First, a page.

The Worst (And Most Common) Ways to Mess Up Your Event Promotions
When it comes to getting the sale (in this case, getting more people to show up at your event), you’ve got to do whatever it takes to make things happen and reach your targets!
Sometimes, overenthusiastic event planners make things worse for themselves by going overboard with their event promotion pushes. At other times, it’s because they’ve tried to cut costs by hiring students with too little experience and too much gusto in their blood.
The results are usually… well, you can see for yourself as we highlight some of the worst (yet common) ways events planners have messed up their event promotions.
Messaging random people on social media platforms
When you give an inexperienced salesperson a task to “get the word out to as many people as possible”, what’s the first place their mind usually goes to?
These days, it’s social media.
Of course, while there’s nothing wrong with posting a series of event promotions on your personal Facebook page, Instagram account or Twitter profile, things do get out of line when your salesperson starts sending private messages to everyone who’s connected to every social media account they own.
Make sure your event doesn’t get a reputation as “the place that needs to spam people for attention”. Let your sales teams know what’s acceptable practice, and what isn’t.
Building a list of customers and prospects takes time, but is a worthwhile endeavour. Every person on your contact list has trusted you with their email address or contact number (or both).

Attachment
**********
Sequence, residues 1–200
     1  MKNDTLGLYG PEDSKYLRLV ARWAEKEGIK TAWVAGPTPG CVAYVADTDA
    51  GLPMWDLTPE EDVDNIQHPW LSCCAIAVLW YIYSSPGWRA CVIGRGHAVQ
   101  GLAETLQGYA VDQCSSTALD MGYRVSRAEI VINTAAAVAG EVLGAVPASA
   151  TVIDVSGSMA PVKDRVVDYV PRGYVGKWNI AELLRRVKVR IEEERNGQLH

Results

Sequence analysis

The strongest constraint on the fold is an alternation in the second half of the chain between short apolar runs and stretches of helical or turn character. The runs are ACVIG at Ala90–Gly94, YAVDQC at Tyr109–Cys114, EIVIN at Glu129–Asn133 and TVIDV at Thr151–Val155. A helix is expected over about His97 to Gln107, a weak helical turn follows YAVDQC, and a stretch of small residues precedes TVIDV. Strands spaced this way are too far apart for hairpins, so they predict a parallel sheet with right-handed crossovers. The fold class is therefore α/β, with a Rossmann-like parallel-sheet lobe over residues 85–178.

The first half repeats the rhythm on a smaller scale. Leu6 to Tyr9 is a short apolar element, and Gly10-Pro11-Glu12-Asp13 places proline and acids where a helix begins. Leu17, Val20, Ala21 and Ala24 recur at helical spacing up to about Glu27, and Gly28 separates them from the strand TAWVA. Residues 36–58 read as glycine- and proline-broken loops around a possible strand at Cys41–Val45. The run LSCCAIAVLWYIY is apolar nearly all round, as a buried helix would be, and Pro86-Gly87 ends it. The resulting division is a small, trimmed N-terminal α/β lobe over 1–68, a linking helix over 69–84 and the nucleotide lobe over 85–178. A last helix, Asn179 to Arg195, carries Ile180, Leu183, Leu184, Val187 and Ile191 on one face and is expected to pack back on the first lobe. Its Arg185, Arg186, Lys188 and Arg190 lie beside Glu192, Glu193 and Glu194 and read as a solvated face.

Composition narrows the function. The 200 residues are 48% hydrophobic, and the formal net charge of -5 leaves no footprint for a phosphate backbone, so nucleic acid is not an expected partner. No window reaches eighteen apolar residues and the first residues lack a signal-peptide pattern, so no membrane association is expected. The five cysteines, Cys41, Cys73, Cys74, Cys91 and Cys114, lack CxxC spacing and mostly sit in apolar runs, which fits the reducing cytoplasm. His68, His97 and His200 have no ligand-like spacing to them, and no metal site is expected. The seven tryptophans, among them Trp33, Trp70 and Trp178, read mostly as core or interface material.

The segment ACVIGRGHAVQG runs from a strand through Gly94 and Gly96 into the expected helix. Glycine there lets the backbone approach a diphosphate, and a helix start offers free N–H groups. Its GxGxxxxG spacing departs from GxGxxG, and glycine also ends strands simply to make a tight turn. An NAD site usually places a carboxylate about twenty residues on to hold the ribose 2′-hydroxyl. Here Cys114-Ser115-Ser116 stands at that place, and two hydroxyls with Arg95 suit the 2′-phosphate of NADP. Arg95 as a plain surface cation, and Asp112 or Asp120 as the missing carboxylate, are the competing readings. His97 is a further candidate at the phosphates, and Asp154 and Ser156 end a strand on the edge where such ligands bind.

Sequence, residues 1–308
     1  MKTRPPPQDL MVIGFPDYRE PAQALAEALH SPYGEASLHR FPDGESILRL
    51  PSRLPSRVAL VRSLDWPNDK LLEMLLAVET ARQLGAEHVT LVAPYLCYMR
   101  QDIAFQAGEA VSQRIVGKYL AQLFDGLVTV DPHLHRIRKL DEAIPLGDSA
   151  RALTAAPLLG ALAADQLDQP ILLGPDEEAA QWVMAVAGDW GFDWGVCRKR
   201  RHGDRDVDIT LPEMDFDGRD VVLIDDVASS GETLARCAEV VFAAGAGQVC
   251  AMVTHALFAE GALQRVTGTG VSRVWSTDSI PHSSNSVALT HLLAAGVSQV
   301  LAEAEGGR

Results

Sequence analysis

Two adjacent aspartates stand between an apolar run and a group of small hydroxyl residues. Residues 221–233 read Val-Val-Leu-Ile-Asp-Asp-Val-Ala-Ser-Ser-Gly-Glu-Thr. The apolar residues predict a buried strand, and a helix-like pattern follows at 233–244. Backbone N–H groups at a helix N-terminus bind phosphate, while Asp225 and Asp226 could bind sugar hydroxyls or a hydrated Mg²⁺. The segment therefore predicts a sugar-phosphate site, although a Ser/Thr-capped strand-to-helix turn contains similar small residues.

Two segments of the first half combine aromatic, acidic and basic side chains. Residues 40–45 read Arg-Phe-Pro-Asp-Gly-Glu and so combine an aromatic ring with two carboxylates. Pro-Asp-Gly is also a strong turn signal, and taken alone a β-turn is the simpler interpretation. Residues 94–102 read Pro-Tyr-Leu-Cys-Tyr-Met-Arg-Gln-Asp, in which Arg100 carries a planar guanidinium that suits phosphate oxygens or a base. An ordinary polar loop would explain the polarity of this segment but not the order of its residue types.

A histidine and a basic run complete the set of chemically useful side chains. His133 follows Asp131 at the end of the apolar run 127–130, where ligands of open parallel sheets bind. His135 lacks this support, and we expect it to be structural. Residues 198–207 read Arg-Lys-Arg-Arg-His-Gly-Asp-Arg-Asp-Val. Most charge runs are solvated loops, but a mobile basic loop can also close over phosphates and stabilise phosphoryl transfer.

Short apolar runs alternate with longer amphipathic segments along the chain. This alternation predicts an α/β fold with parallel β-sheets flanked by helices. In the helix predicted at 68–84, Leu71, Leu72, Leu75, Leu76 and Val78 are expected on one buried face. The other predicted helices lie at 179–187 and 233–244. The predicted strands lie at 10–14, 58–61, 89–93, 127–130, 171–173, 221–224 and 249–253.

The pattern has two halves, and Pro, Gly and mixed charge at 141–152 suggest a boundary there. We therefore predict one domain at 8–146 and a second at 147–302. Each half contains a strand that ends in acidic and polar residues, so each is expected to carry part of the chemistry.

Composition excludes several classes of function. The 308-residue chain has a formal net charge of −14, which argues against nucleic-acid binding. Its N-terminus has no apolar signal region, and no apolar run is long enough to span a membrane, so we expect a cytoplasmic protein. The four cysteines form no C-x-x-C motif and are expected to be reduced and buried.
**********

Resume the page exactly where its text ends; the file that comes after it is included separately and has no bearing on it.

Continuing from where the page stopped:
Make sure their trust in you has been well placed. These people are giving you permission to contact them with emails and calls for events and promotions that they might be interested in, and nothing else.
So be sure you’ve properly categorised the people in your distribution list, so every email you send to recipients, is a useful one that they may want to take action on.
Remember, just because you have a list of 8,000 emails, doesn’t mean all 8,000 people need to know about your upcoming event.
Just the ones that may find it worth their time.
Spam people who don’t respond
Even event planners who manage to tiptoe past the previous 2 potential pitfalls, often fall for this trap.
They’ve carefully chosen the group of people they want to attract to their next event, and have chosen to engage them professionally – either with a phone call or email.
But the person isn’t interested, or just doesn’t respond.
So they do what any good salesperson would do, and follow up.
Again. And again. And again. And again.
Maybe you’ve been at the receiving end of such emails?
"Join us for X Party 2017!"
"Did you hear the news about X Party 2017?"
"Maybe you missed our emails, we’re here to tell you about X Party 2017!"
"This is your last chance to register for X Party 2017"
"The registration deadline for X Party 2017 has passed… but we’re keeping it open just for you! Register today!"
Sometimes, it’s better to just move on. (Especially since your hard-earned contacts can unsubscribe themselves from your mailing list at the touch of a button, if you’re bugging them incessantly.)
Promote your events, the right way
We hope you have a better idea of what not to do when promoting your event. Some of these tips may look obvious at first glance, but you’ll be surprised at how often we see these unfortunate mistakes spoil an otherwise incredible event.
Don’t let this happen to you. All the best!